From the crease to the courtroom

Law student Riley Whitlock has been a stabilizing force in net for men’s hockey

Riley Whitlock came to Queen’s to study law after three years at the University of Ottawa.
Riley Whitlock came to Queen’s to study law after three years at the University of Ottawa.
Photo: 
Whitlock posted a .918 save percentage with the Gaels this year. He’s appeared in 52 of 56 games over the last two seasons.
Whitlock posted a .918 save percentage with the Gaels this year. He’s appeared in 52 of 56 games over the last two seasons.
Photo: 

For a lawyer in the making, a prolific hockey career is nearing its final days.

For Riley Whitlock, the men’s hockey team’s starting goaltender and a second-year law student, the challenge of balancing schoolwork and the sport he loves is multiplied exponentially.

Finishing up his fifth and final year of CIS eligibility, Whitlock came to study law at Queen’s after completing his undergrad in commerce and playing three seasons for the Ottawa Gee-Gees.

The son of a lawyer, Whitlock will look to enter the field in the Calgary-based firm Norton-Rose in corporate law — but not before completing his Gaels career.

“He’s a guy that’s an absolute pleasure to coach,” Gaels head coach Brett Gibson said. “He’s going to be a lawyer [and] … the kid doesn’t miss practice.”

A Calgary native, Whitlock began skating at the age of two and played for the QMJHL’s Gatineau Olympiques and Saint John Sea Dogs from 2004 to 2006.

At 19 years old, Whitlock realized his dream of making the NHL was fading and chose the collegiate path. At 5’10”, he’s generally considered too small to be a professional goaltender.

“I think everyone grows up in Canada wanting to eventually reach the NHL,” Whitlock said. “When you hit 19, you start to realize it’s not going to happen — guys aren’t talking to you after games, scouts aren’t there as much for you.

“I realized I could try and go about [playing hockey] and continuing my education.”

A Calgary Flames fan from birth, Whitlock idolized then-Montreal Canadiens netminder Patrick Roy’s success and winning attitude.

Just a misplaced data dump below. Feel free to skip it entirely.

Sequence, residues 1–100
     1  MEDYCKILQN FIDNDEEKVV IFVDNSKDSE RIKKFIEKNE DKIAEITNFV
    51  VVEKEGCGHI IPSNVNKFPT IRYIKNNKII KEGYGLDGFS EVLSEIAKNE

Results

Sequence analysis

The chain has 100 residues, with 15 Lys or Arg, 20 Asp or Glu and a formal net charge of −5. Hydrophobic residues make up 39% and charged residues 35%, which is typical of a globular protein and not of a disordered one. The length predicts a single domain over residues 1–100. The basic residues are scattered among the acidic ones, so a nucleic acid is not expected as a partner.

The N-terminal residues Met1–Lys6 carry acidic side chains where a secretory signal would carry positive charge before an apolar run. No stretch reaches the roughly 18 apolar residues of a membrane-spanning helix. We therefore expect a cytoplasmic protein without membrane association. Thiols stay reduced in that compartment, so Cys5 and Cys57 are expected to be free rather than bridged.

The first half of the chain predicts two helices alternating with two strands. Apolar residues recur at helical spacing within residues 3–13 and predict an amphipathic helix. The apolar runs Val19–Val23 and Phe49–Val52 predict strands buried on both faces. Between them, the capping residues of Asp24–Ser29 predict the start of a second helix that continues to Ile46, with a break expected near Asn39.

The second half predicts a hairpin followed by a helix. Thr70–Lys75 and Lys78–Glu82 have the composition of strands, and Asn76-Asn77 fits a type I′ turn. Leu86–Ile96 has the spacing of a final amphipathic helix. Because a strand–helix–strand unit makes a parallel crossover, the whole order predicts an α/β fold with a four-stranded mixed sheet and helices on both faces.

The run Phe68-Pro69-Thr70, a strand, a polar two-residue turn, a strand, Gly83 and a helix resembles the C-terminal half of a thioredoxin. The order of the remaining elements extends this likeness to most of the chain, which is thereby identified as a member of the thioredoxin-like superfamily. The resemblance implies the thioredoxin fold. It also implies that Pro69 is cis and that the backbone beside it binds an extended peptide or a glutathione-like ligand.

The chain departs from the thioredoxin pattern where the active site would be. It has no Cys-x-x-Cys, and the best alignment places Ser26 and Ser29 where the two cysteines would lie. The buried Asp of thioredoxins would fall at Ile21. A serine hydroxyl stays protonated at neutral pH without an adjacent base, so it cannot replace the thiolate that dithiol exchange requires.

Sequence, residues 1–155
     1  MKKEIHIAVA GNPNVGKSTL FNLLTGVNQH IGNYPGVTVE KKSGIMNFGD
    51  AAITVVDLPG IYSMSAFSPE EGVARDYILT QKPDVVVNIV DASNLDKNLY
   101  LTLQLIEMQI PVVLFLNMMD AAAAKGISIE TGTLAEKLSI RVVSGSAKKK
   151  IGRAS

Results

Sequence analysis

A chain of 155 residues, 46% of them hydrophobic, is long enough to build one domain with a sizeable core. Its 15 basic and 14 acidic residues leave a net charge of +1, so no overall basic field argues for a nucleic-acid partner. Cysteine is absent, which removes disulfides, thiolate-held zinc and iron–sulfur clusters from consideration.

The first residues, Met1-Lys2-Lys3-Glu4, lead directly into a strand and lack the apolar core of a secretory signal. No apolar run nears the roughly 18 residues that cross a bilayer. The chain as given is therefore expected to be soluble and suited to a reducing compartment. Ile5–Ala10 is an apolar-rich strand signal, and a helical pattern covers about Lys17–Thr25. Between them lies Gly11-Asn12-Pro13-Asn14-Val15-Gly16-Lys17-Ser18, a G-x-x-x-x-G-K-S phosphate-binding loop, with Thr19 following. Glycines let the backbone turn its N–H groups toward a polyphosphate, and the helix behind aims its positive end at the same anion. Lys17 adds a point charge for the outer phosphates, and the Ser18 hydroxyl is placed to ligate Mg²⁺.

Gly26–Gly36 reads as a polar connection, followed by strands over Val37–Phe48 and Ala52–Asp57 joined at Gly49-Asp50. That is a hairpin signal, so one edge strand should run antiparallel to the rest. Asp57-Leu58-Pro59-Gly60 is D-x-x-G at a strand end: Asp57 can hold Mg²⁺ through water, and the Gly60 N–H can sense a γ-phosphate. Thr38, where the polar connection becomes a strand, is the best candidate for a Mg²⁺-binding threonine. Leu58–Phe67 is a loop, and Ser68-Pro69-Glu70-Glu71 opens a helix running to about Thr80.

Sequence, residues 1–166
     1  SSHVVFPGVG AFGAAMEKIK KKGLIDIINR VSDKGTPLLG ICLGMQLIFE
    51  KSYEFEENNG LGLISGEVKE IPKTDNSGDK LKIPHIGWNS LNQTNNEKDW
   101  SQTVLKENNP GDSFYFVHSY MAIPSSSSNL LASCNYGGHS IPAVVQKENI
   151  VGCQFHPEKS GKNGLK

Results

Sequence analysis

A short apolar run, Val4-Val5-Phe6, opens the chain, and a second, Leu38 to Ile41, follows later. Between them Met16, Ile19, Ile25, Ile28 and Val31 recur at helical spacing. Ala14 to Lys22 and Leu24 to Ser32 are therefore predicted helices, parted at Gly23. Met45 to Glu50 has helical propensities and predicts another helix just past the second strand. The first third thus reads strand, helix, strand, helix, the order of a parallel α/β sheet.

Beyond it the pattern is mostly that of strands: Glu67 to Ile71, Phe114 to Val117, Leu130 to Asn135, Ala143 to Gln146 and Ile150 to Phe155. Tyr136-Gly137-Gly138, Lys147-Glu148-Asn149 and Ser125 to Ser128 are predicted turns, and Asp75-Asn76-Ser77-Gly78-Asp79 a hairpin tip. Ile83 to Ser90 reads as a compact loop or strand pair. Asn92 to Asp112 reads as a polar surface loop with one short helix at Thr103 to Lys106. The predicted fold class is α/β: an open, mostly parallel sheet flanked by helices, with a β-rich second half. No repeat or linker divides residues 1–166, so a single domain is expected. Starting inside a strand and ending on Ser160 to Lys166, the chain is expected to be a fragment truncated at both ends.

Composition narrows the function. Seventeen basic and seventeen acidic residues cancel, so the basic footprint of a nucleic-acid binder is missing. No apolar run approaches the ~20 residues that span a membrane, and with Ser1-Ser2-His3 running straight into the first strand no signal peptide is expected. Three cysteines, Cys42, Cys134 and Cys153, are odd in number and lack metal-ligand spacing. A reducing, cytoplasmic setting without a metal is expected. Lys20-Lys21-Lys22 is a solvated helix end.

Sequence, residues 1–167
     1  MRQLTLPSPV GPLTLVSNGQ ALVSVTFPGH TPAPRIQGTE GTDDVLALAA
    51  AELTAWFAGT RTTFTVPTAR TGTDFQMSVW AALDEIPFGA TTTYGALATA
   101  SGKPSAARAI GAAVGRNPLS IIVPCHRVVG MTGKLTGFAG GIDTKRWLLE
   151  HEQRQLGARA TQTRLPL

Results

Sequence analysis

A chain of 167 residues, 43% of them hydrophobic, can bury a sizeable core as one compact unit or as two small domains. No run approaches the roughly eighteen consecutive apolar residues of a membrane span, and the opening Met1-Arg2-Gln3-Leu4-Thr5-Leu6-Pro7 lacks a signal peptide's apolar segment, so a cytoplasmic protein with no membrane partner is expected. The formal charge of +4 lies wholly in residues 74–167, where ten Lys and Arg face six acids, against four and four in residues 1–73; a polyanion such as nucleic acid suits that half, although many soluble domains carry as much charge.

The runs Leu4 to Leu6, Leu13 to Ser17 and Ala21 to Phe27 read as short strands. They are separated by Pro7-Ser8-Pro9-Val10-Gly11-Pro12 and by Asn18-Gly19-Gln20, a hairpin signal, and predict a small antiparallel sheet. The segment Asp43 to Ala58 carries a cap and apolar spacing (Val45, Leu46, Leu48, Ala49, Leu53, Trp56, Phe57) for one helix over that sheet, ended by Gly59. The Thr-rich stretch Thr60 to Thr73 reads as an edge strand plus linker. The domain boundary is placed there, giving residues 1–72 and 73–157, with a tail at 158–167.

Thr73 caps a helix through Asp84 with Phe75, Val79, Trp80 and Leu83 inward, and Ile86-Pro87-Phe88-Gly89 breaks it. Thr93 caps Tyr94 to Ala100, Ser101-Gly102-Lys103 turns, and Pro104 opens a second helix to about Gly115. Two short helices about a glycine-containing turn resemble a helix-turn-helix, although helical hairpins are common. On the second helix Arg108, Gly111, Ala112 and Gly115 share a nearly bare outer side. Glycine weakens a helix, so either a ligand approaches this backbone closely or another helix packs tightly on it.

He would eventually hone his skill under Roy’s former goalie coach, François Allaire. A self-proclaimed hybrid goaltender, Whitlock uses his agility and positioning to keep pucks out of the net.

“You talk to your coach about different plays you want to do and so you’re never really stagnant on one style,” Whitlock said. “You always want to try and grow and see what other people’s ideas are on things and try and bring as many tools as you can.”

Whitlock’s been a workhorse in the crease during his tenure at Queen’s. In two seasons, he’s started 52 games and stopped 1,573 shots, averaging 30 saves per outing.

His dazzling back-to-back .915 and .918 save percentages are testaments to his ability to handle a heavy workload.

His ever-solid performance has been even more essential this season. Whitlock is seen as a “big brother” in the dressing room, providing veteran leadership to a young, inconsistent squad.

“I really enjoy being the guy to go to — it’s something that I thrive on,” Whitlock said. “[Hockey] is a team game, but you need to have a goalie that can enjoy the pressure of having to play really well in big games.”

Whitlock’s playing career is nearing the end of the road, but hockey will never leave his blood. He dreams to one day join an NHL franchise in an upper management position, like general manager or president of hockey operations.

“When [hockey’s] been part of your life for 25 years, you’re never going to all of a sudden drop it and give it up,” Whitlock said. “I think it will never leave my life at all.”

When commenting, be considerate and respectful of writers and fellow commenters. Try to stay on topic. Spam and comments that are hateful or discriminatory will be deleted. Our full commenting policy can be read here.